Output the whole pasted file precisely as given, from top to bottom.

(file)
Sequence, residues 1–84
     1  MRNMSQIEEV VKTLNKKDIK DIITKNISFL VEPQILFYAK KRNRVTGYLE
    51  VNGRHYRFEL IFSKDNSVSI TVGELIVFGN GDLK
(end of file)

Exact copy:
Sequence, residues 1–84
     1  MRNMSQIEEV VKTLNKKDIK DIITKNISFL VEPQILFYAK KRNRVTGYLE
    51  VNGRHYRFEL IFSKDNSVSI TVGELIVFGN GDLK